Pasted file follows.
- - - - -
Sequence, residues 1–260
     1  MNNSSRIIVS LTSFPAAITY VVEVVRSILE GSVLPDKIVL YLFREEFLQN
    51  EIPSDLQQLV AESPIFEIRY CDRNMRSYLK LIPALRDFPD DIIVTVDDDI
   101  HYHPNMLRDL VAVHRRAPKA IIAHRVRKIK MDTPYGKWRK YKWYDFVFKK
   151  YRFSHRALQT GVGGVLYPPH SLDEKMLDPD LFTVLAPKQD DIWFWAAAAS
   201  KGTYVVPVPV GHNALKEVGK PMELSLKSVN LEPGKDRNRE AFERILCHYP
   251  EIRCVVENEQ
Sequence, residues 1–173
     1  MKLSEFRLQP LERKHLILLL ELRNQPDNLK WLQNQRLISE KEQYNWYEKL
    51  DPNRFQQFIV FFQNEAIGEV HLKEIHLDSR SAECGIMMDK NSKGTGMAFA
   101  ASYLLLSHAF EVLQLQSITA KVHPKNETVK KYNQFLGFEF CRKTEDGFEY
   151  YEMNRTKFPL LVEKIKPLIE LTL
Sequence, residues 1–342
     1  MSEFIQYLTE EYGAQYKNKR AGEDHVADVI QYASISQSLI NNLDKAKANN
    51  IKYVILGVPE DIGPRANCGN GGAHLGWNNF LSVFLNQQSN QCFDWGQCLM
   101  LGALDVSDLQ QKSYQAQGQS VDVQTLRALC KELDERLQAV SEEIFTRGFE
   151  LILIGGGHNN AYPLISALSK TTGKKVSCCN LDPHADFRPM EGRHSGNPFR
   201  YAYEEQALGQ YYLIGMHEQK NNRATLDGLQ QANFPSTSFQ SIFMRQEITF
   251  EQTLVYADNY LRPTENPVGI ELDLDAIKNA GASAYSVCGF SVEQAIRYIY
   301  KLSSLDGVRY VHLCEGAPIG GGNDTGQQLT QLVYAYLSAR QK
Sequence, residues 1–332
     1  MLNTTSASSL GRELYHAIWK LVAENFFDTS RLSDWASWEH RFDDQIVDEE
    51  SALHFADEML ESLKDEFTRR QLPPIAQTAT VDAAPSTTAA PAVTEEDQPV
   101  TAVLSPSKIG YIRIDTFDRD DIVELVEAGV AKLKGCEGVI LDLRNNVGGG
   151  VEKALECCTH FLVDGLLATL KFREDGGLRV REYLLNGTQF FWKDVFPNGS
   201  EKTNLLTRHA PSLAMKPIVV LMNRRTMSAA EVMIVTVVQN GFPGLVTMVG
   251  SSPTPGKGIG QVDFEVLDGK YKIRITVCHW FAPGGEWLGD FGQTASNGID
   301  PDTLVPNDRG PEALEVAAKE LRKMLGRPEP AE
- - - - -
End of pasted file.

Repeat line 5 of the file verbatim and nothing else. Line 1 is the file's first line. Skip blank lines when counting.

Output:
   151  YRFSHRALQT GVGGVLYPPH SLDEKMLDPD LFTVLAPKQD DIWFWAAAAS